19. Dunkleosteus armor cross section

    From the album Sharks and fish

    Cross section of dunkleosteus' armor plate showing internal structure of mostly solid bone
  20. Dunkleosteus armor

    From the album Sharks and fish

    Part of dunkleosteus' amazing armored head
  21. Hi Folks, A couple of weeks ago we went on a 5 day trip around NSW to find a few different fossils which I'll post another day, but here are some of our best finds from near Cowra, NSW Australia. So in a nutshell, there's a quarry near Cowra that was quarried to be used as road base in the area, and thats how these specimens were found. You can find blocks of the stuff on the side of the road if you're lucky. Since you can't get into the quarry nowadays because the owner has pretty much lost the plot this is the only way to collect material. #1 Cowralepis mclachlani. This is one of a few species of fish at the site and is by far the most common. We have never found any other species there. Continued...
  22. Last Sunday we had a trip to the sandy quarry near St. Petersburg. Near of the sandy quarry there is a small village called "Novinka" (coordinates of this place on Google maps: 59.161362, 30.380684) Quarry near Novinka is a fairly large quarry, developed in the sands, introduced here in the Devonian (about 400 million years ago). The quarry is very picturesque and extremely interesting, there are mottled sands with a great variety of sedimentary textures deposited in various water conditions. During most of the Devonian Period, North America, Greenland, and Europe were united into a single Northern Hemisphere landmass, a minor supercontinent called Laurussia or Euramerica. We can say that the North America, Greenland and the north-western part of Russia were one territory. Here you can find many fossils of armoured prehistoric fish, as well as their teeth. A lot of paleo tourists from different countries come here in search of placoderms. We have a friend-professor of geology at the University of St. Petersburg. He said that last year a student from Japan went home with a necklace from the teeth of a armoured prehistoric fish. It was a very big paleontological luck. Next to the sand quarry are special designs for sifting sand. Large parts go in one direction, and fine sand in another. On photo few pieces of the shell of the fish (Asterolepis), which we found in 1 hour, and rock layers in sandy quarry. (Asterolepis is an extinct genus of antiarch placoderms from the Devonian of North and South America and Europe. They were heavily armored flat-headed benthic detritivores with distinctive jointed limb-like pectoral fins and hollow spine. The armor plate gives the Asterolepis a box-like shape. Its pectoral fins are also armored but the caudal and dorsal fin are not. The first fossils were named after M. Eichwald in 1840 after not star-like markings on the fossils.)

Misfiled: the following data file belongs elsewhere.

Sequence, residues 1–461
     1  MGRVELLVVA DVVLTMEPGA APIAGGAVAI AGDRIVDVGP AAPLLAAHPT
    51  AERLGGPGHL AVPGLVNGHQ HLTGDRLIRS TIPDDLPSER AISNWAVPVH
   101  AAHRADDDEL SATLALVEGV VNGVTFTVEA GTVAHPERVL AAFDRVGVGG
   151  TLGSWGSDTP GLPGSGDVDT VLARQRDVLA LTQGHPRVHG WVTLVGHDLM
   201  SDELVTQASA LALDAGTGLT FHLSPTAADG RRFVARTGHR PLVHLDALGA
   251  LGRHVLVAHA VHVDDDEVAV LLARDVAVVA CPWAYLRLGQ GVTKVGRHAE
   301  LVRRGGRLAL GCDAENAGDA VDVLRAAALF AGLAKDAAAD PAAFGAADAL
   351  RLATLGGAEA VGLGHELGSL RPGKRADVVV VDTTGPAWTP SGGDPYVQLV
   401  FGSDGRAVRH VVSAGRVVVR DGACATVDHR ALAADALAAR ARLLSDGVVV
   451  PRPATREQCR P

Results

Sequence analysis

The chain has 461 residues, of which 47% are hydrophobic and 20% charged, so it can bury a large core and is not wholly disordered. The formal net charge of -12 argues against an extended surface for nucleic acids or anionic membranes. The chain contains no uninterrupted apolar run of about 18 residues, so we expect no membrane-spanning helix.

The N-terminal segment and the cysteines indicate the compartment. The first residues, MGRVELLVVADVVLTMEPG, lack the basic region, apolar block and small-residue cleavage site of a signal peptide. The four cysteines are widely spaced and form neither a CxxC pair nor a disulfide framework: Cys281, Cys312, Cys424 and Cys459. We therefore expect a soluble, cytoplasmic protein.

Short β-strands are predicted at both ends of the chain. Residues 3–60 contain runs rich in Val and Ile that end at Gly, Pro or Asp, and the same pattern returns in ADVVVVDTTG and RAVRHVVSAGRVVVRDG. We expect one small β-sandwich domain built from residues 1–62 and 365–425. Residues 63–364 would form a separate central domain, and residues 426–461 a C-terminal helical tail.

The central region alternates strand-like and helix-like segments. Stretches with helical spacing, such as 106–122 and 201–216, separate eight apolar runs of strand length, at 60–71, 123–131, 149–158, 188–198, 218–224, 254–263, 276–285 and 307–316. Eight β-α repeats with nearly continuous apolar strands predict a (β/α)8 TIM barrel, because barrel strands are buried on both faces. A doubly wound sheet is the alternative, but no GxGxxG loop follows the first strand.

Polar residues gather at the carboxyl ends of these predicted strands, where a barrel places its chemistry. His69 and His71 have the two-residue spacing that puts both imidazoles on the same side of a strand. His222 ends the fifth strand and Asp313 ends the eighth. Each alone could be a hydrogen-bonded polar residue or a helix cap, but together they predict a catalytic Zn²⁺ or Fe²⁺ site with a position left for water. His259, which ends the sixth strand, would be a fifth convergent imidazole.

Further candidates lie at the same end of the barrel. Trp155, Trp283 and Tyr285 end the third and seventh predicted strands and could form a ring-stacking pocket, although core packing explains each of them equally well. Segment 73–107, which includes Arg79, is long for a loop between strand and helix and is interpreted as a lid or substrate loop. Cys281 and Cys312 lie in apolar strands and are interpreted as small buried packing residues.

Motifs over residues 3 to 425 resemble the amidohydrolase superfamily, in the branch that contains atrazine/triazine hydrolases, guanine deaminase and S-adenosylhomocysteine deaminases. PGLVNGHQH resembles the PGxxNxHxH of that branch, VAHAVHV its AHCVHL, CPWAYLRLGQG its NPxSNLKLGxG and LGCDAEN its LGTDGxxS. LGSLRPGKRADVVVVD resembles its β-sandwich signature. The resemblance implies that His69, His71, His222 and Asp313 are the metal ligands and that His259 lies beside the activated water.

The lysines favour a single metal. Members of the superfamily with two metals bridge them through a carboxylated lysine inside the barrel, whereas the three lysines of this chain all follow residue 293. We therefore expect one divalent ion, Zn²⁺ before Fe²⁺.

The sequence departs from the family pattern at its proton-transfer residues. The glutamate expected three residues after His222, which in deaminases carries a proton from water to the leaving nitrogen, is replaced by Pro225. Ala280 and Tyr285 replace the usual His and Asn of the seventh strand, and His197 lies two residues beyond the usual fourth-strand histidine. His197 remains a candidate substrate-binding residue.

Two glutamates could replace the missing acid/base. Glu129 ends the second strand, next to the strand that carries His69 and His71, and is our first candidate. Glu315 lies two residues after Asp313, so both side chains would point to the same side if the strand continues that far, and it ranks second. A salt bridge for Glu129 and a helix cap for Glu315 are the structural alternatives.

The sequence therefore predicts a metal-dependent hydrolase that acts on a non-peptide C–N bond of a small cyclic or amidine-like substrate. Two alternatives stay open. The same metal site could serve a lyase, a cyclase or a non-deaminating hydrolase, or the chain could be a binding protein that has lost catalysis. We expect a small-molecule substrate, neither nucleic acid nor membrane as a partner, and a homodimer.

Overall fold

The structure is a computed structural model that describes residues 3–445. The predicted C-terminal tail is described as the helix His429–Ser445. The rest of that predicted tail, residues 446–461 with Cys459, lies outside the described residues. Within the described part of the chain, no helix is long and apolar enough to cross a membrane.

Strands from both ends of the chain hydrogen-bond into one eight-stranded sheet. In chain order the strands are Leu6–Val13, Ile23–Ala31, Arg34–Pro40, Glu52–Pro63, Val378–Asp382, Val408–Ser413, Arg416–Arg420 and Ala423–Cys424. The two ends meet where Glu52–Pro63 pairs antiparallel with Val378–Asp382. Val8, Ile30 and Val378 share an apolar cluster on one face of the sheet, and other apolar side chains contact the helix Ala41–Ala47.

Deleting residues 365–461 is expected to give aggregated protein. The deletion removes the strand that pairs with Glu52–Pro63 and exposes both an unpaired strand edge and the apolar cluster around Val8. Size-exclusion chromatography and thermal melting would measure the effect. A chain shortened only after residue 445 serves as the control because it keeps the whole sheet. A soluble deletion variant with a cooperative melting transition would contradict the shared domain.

23. Went out to Iowa for a Devonian hunt. Found a few placoderm teeth and what I'm told is a Dunkleosteus jaw/tooth bit. I'm happy. Can't wait to go back this Fall. I also found some nice crystals, pyrite and partial trilobites. Placoderm material Anyone know what this is from? My best guess is possible shark tooth.....? Dunkleosteus bit (it needs some prep and reconstruction)
  24. Ohioan Placoderms?

    I have heard about placoderms being uncovered from the Devonian of Ohio, but am unable to find any references to specific placoderm fossil specimens and where they are in Ohio. Can someone please shed some light for me on the subject? (I'm looking for ones just from the Ohio area ) I consider placoderms awesome! Thanks a ton!
  25. Concretion? Placoderm?

    My friend found this big concretion like fossil in Quqing, Yunnan of China. Something on the surface looks like a placoderm to me, what do you think?